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I suspect it must be something very simple but for the life of me I cannot figure out how from the below (which models a circuit of two resistors connected in parallel) $$i=v\left(\frac{1}{R1}+\frac{1}{R2}\right)$$ we get to the following $$v=i\frac{1}{(\frac{1}{R1}+\frac{1}{R2})}$$ I suspect we get an intermittent step of $$\frac{1}{v}=\frac{1}{i}\left(\frac{1}{R1}+\frac{1}{R2}\right)$$ but how do we flip it over to obtain just the final form?

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You just reciprocate. What is $1/(1/i)$, just $i$ and the resistor values just remain in that form. –  Amzoti Sep 24 '13 at 15:22
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You have $a = bc$ in the first equality. You have $b = a/c$ in the second. So to get from the first to the second you divide both sides by $1/R_1 + 1/R_2$. Right? –  Marek Sep 24 '13 at 15:26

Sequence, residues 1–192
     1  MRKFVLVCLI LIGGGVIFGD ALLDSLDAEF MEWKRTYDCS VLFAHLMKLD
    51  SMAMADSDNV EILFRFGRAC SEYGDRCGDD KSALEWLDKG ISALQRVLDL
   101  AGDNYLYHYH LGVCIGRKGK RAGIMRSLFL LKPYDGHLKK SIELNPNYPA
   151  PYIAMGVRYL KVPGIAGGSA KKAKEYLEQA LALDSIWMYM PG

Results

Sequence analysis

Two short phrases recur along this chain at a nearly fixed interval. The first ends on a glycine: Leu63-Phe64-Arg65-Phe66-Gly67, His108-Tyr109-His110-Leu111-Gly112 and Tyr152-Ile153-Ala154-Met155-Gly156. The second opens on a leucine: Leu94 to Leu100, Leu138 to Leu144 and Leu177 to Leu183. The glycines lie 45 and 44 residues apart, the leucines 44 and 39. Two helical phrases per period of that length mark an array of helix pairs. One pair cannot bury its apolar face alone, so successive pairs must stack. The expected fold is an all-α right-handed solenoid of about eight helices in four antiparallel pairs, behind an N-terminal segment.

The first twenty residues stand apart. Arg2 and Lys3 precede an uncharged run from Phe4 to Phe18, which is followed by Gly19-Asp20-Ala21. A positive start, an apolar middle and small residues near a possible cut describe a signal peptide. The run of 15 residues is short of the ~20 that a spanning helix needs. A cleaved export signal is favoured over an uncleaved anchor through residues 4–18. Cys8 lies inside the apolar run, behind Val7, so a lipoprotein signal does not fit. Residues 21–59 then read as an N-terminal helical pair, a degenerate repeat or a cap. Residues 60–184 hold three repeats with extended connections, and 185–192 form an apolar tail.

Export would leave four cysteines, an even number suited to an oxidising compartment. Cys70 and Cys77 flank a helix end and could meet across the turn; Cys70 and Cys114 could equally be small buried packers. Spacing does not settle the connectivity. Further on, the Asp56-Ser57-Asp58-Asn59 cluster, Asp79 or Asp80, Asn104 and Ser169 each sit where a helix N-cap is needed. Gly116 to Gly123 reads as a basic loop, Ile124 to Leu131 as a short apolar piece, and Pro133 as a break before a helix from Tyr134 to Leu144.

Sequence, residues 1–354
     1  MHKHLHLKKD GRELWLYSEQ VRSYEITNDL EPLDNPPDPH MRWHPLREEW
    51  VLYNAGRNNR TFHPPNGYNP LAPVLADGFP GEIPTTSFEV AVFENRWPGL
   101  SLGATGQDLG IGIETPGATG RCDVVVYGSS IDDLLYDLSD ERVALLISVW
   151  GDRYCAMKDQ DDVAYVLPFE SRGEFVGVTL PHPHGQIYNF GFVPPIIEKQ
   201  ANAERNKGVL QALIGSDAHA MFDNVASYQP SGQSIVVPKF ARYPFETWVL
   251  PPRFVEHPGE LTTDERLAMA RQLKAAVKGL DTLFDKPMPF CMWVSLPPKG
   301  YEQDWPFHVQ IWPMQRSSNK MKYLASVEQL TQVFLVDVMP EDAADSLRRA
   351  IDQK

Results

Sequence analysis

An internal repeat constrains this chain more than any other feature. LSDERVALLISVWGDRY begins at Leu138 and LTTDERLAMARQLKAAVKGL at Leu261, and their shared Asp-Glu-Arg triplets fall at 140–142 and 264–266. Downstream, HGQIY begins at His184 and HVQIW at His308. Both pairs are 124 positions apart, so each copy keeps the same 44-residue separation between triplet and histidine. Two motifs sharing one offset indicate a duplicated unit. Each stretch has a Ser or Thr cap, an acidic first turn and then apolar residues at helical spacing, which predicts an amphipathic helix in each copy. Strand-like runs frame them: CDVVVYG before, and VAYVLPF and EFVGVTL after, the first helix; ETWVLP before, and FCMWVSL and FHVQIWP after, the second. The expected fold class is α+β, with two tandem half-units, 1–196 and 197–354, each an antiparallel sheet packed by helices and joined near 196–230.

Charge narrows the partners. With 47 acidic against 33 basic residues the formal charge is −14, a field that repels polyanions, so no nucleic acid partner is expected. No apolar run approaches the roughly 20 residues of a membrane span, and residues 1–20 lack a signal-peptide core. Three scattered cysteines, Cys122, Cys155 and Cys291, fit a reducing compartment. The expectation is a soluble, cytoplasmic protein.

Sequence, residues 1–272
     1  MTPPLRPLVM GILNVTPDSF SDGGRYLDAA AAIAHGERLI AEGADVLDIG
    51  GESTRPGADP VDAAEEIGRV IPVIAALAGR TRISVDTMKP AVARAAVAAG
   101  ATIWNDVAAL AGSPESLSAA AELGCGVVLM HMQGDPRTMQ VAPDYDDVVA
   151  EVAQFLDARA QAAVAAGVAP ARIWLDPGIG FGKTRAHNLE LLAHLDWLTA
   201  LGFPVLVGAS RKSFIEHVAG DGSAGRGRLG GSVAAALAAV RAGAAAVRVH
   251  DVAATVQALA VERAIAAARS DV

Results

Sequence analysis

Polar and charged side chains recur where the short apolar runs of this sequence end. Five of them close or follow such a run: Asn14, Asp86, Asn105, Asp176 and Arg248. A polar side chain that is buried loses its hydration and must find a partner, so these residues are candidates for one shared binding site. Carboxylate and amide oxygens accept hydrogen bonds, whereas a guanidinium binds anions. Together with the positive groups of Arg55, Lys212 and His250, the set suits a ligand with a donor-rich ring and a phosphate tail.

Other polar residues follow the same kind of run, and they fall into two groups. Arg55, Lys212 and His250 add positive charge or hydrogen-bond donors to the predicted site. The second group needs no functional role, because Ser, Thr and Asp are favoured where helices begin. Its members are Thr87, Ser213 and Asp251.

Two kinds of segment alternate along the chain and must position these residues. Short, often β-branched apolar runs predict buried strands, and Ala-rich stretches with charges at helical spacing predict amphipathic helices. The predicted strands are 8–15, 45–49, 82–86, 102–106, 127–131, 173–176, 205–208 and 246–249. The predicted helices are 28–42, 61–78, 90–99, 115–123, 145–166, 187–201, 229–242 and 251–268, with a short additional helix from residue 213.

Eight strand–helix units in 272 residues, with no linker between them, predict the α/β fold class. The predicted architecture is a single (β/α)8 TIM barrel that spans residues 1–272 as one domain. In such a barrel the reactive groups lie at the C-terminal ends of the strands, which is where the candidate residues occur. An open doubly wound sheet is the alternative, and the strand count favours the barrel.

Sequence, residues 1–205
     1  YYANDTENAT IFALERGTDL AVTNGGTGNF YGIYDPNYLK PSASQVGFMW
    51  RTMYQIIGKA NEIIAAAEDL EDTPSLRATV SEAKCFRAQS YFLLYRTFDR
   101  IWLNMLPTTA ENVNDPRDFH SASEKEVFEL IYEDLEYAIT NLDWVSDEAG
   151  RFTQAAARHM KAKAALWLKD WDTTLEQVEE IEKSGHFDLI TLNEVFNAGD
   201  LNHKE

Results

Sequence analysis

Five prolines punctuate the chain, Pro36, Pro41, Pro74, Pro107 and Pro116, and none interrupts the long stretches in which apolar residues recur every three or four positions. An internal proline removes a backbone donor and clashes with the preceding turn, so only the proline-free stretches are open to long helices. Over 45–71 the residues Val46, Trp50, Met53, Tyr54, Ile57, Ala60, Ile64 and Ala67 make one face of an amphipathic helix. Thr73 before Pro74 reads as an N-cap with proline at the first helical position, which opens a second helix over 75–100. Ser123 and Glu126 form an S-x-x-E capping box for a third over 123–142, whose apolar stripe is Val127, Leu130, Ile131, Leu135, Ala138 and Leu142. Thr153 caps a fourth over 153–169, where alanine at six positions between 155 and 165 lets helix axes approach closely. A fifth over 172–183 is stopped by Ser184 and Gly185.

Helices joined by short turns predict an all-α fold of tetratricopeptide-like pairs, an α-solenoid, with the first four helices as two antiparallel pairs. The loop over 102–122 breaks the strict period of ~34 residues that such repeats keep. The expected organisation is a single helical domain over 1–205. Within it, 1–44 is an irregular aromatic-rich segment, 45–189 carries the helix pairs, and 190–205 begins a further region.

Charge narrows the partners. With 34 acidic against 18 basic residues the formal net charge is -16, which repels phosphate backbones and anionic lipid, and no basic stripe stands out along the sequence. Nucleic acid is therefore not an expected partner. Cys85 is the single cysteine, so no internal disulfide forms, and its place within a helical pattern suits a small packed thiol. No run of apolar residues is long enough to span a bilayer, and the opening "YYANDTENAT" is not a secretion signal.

If $ax=b$, then you have $x = \frac{b}{a}$. –  copper.hat Sep 24 '13 at 15:29
    
I see now, Marek, you are spot on. I didn't realize I could do the reciprocate bit as outlined by Amzoti (as I didn't realize $\frac{1}{x}=\frac{1}{y}$ is the same as $x=y$ and also somehow I was not seeing that we can do it the other way around as you suggest Marek, that is instead of dividing by $i$ and dividing by $v$ we can go straight to dividing by $(\frac{1}{R1}+\frac{1}{R2})$, thank you so much!!! :) It has been quite a while since I have done math at school hence sometimes simple things trip me over... –  dreamwalker Sep 24 '13 at 15:34
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As it turns out I can obtain the final form by dividing both sides of $$i=v(\frac{1}{R1}+\frac{1}{R2})$$ by $$(\frac{1}{R1}+\frac{1}{R2})$$ or alternatively if I start with dividing both sides by $v$ and then by $i$ and obtain $$\frac{1}{v}=\frac{1}{i}\left(\frac{1}{R1}+\frac{1}{R2}\right)$$ I can just flip the numerators and denominators since if I have $$\frac{1}{a}=\frac{1}{b}$$ if I reciprocate (or flip the numerator with the denominator on both sides) the equality still holds $$a=b$$ Either way I arrive at $$v=i\frac{1}{(\frac{1}{R1}+\frac{1}{R2})}$$ Seem a bit silly now for asking the question but thank you very much for all your help! :) Somehow couldn't see this on my own.

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